Microsoft launches new IoT services for the enterprise

Microsoft is launching IoT Central today, a new Internet of Things (IoT) service that gives enterprises a fully managed solution for setting up their IoT deployments withoutneeding the in-house expertise necessary for deploying a cloud-based IoT solution from scratch. Its basically IoT-as-a-Service.

In addition, the company is bringing its Azure Stream Analytics to edge devices, making it easier to provision new IoT devices, anditslaunching a completely new analytics service for time series data.

The two most importantnew services here are probably the launch of IoT Central service and the new Azure Time Series Insights tool. As Microsofts director of IoT Sam George told me, the idea here is to provide a number of new offerings that are complementary to the companys existing Azure IoT Suite. While IoT gives many companies an opportunityto differentiate their services from competitors,it still takes a specialized set of skills to enable this. While we find that IoT is a big differentiator, one of the things were finding in the broader market is that there is still a broad set of skill sets needed to implement IoT solutions, George said.

IoT Central, then, is meant to simplify the deployment of these IoT solutions. Customers here dont need any cloud solutions expertise, said George. Instead. IoT Central is fully managed by Microsoft andprovides a fully featured solution that abstracts all of the underlying infrastructures away and lets business focus on analyzing their data. It comes with pre-configured solutions for many typical use cases. What users lose, though, is the flexibility to choose their own storage service or analytics engines, for example.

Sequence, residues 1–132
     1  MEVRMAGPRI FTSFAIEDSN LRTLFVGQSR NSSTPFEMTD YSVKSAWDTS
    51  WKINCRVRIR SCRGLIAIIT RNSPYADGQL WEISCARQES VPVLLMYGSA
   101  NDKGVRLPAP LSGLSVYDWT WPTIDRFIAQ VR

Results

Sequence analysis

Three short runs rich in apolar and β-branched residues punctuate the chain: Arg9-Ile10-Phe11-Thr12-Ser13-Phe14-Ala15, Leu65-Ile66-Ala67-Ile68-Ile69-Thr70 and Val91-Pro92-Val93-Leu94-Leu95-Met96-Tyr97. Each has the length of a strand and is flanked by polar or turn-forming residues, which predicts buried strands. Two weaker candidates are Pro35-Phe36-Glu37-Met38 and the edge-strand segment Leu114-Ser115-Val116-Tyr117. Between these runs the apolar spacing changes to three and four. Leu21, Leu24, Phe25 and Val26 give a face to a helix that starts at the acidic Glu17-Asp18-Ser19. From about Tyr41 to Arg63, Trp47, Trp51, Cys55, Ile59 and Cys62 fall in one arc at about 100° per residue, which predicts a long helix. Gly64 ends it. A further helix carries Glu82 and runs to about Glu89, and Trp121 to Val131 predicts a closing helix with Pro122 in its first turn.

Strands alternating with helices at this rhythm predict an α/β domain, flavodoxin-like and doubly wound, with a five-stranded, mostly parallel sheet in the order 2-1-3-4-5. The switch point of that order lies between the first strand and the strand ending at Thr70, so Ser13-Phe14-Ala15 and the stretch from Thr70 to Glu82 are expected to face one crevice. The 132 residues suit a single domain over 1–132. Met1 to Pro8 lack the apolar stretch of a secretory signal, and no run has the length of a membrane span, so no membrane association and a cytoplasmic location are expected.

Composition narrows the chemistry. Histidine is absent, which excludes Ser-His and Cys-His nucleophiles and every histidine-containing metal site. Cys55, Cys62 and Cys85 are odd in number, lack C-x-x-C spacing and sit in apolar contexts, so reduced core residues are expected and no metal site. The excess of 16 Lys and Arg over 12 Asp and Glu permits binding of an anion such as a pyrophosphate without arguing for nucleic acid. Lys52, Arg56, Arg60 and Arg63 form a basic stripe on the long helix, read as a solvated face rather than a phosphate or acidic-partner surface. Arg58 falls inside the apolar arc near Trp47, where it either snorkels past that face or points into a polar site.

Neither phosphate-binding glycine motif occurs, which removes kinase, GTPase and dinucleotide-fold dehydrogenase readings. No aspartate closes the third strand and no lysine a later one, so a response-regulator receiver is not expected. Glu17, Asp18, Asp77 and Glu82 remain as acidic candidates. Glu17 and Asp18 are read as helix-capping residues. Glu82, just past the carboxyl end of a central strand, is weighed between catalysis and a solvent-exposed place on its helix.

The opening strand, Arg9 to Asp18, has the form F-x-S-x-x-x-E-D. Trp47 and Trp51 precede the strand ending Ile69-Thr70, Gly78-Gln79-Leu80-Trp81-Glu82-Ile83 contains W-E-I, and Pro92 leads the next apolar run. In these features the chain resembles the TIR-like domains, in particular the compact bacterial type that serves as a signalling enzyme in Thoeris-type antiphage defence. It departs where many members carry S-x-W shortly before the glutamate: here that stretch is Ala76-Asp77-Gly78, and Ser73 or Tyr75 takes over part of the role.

Azure Time Series Insights, which is now available in preview, is actually a new database offering from Microsoft that is based on the same technology the company itself uses to log every single event on Azure (and were talking billions of events a day here). While there are plenty of exceptions, IoT data tends to arrivein a time-based fashion and Time Series Insights is purpose-built to store and interactively visualize and analyze this type ofdata to find anomalies.For developers, the service also offers an API to integrate it into existing workflows.

Microsoft also announced that its Azure Stream Analytics service can now run on edge devices. This basically means that those devices will be able to run real-time analytics locally withouthaving to send all their data to Azure first.While the cloud solution is meant to parse data from millions of devices, a single device doesnt actually produce all that much data, and even a very basic Raspberry Pihas enough power to run this service locally. Thanks to this, these devices can function even when they dont have a reliable connection to the internet.

As George told me, Microsoft believes that as IoT becomes a more mature technology, more and more of the intelligence will get pushed out to the edge and stream analytics marks Microsofts first effort in this area.

Microsoft, of course, isnt the only company playing in this field. George believes that it does have a leg up on its competitors like Google and AWS, though. When we look across the industry, we see that there are now three hyper-scale clouds on the planet, he noted. Were the only cloud vendor in IoT with a focus on both solutions and deep on-premises support with the likes of Azure Stack. We feel this really differentiates us from the competition.

Read more: